Come Home [on Two Artists Tuesday]

“I search for the realness, the real feeling of a subject, all the texture around it…I always want to see the third dimension of something…I want to come alive with the object.” ~ Andrew Wyeth

The first time I walked into this house, I felt that I’d come home. It was a potent moment because I’d never felt that before, not in my entire life. I was a wanderer, even as a small child.

I’d come to meet this woman named Kerri. I’d been writing emails to her daily for the previous six months. A job afforded me the opportunity to stop over and meet her face-to-face. She picked me up at the airport [she was the one holding the daisy], we held hands and skipped to the car, talked non-stop during the hour-plus drive from O’Hare airport. When we arrived at the house, I laughed when she asked me to wait at the front door. She wanted me to come into the house through the front door but the key hadn’t worked in years, so she ran around back to come through the house to let me in. When the door opened, with my rolly-bag in tow, I stepped into the house and caught my breath. I almost started to cry but inhaled my overwhelm back into my body. Home. I knew this place.

It was a festival of texture. Raw wood exposed through the aging, flaking paint. Immediately I could see that this woman populated her world with stories, surrounded herself with rocks and wood and tin. She lived in a tangible world, loved the raw and the real, and had a designer’s eye. The dining room was a miracle of tortoise-esque pattern made when she stripped the wallpaper. She loved it so much that she abandoned her plan for paint and left the marks exposed.

This was an artist’s house. The hardwood floors creaked. Some of the antique door handles popped off if you pulled too hard. “It’s an old house and has its quirks,” she explained as she pulled a screwdriver from the silverware drawer to tighten the screw that holds the screen door latch in place. I learned over time that there are somethings you fix and others that you don’t because to fix them would interrupt the relationship with the house. Now I, too, weekly pull the screwdriver from the silverware drawer and tighten the aged-nearly-stripped-screw that holds the screen door latch in place.

Shabby-chic. They gave her style a name and she beamed the first time she heard it. “That’s me!” she exclaimed, “Shabby-Chic!”

When my dad came for our wedding, he stood on the back deck and said to me, “If you don’t put a finish on this deck, you’re going to lose it.” I told him that Kerri liked it that way. In fact, she’d throw herself in my path, she’d break my fingers, if I attempted to clean it, let alone paint it. He nodded and said, “Well, that’s all that matters really.”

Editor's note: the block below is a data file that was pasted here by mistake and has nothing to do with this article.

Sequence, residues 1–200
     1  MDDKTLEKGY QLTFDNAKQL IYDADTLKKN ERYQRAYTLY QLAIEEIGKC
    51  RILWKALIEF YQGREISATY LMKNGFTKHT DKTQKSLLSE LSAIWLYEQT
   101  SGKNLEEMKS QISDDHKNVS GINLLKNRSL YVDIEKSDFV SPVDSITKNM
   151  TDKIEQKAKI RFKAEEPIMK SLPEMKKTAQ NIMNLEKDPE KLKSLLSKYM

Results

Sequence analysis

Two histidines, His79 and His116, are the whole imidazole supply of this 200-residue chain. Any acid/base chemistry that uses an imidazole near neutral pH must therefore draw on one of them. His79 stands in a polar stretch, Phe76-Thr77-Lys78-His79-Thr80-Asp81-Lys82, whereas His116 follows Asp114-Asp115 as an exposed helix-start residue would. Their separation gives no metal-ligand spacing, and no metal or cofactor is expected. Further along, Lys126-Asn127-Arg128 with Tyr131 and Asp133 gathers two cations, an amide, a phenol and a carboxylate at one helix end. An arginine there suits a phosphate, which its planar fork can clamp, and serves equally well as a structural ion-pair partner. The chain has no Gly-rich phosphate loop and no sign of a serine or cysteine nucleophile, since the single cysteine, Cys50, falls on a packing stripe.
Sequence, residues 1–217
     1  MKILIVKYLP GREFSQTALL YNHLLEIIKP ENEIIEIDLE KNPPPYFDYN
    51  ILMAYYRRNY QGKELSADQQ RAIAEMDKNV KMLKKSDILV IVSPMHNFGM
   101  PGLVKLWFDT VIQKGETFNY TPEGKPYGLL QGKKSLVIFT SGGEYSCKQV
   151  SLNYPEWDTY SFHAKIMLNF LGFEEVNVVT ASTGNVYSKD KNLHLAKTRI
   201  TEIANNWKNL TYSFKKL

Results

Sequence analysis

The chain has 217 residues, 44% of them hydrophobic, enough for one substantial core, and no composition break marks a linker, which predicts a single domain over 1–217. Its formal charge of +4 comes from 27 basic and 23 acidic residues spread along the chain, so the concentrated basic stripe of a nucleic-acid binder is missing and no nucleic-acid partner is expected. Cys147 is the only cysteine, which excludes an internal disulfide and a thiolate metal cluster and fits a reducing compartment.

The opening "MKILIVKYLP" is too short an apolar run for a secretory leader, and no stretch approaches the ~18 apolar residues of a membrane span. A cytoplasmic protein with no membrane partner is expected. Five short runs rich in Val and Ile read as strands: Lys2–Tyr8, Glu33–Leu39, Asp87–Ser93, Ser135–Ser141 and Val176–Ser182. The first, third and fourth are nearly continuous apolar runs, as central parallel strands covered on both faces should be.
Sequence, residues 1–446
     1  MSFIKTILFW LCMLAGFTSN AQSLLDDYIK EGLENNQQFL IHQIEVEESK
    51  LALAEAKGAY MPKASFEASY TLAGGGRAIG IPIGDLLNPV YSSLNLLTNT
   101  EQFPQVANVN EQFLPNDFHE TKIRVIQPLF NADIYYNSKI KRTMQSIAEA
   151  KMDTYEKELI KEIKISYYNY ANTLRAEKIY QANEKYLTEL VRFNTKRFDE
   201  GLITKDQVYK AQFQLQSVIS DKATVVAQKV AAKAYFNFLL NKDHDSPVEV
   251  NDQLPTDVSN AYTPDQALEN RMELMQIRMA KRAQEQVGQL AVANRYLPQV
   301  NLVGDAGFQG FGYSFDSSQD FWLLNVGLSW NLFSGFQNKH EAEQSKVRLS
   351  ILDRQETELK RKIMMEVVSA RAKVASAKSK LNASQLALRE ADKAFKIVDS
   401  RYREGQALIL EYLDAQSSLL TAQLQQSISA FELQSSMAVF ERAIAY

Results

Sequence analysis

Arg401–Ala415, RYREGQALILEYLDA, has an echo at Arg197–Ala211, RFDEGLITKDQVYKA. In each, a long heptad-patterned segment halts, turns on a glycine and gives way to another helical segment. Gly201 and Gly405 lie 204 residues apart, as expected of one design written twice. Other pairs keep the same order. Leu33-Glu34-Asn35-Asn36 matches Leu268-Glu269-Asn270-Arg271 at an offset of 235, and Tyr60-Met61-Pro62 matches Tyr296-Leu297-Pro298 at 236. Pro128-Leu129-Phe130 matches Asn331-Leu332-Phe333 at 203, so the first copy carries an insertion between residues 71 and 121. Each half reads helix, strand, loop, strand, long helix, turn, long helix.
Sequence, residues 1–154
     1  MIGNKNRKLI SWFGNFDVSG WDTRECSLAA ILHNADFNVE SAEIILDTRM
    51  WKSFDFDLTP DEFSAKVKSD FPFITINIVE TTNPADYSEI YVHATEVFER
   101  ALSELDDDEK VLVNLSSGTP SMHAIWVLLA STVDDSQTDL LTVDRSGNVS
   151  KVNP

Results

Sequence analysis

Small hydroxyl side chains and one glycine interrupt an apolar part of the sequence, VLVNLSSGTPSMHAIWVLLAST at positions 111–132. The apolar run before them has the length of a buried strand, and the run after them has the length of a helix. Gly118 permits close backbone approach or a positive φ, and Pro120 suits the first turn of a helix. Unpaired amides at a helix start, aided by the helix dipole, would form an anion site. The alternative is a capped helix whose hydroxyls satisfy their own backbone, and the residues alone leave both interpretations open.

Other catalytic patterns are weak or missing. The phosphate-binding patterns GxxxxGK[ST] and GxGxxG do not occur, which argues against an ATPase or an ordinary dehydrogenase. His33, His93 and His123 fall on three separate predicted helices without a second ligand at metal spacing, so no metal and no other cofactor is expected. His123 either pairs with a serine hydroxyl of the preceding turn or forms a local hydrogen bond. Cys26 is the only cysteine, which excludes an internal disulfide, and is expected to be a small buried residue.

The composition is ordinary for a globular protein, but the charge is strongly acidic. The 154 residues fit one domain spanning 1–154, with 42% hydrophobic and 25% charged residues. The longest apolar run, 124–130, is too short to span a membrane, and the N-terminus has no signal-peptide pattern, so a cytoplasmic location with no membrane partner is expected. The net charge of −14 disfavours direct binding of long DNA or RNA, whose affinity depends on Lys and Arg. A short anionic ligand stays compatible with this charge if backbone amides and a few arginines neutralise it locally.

Home. All that matters. Alive with stories that reach back and back and back. Texture and piles and projects everywhere I look. The lock on the front door still doesn’t work. And, like my wife, Kerri, I wouldn’t have it any other way.

read Kerri’s blog post on SHABBY-CHIC

Really Look [on KS Friday]

20 watches the house, the dog and our very large cat when we are away. To keep us in touch with what’s going on at home, he sends us mystery photos: common things around our house made mysterious through an extreme close up or unusual angle. Our job is to solve the photo-riddle. I love the game because, no matter where we are, it instantly makes me look at the world in a different way. Or, better said, it makes me look. Really look.

I also appreciate the game because, upon returning home, I run around the house looking at the objects he transformed into enigmas. All that I have grown dull to seeing re-emerges as rich in color and shape and texture and story.

Kerri has the visual sensibility of a contemporary artist. She went down a path of music but might just as well aimed her artistry at the visual. Hers is a natural sense of design. Her camera might as well be an accessory or visual-opportunity-attachment since she moves through the day capturing photographs of passing detail. I’ve known her to be paying bills and jump up suddenly to catch the light on the wall or the texture of the door. Her eye is never passive. She and 20 are alike in that. They are visual twins with unique sensibilities and both serve to keep my eyes open and looking-beyond-what-I-think.

Yesterday, in mid-sentence, she stopped and said, “Oh! I want to show you something!” turned and ran down the hall. When I started to follow she said over her shoulder, “You can’t look! Stay there!” A minute later she returned, sheepish, and showed me the photo she’d just taken. “Do you know what this is?” she beamed. Too excited to wait for my answer she announced, “It’s the laundry chute! Isn’t it cool!” She walked away studying her photograph, muttering, “It’s so coooool.” I ran to the laundry chute to have a look. To really look as if for the very first time.

read Kerri’s blog post about THE CHUTE

find Kerri’s albums on iTunes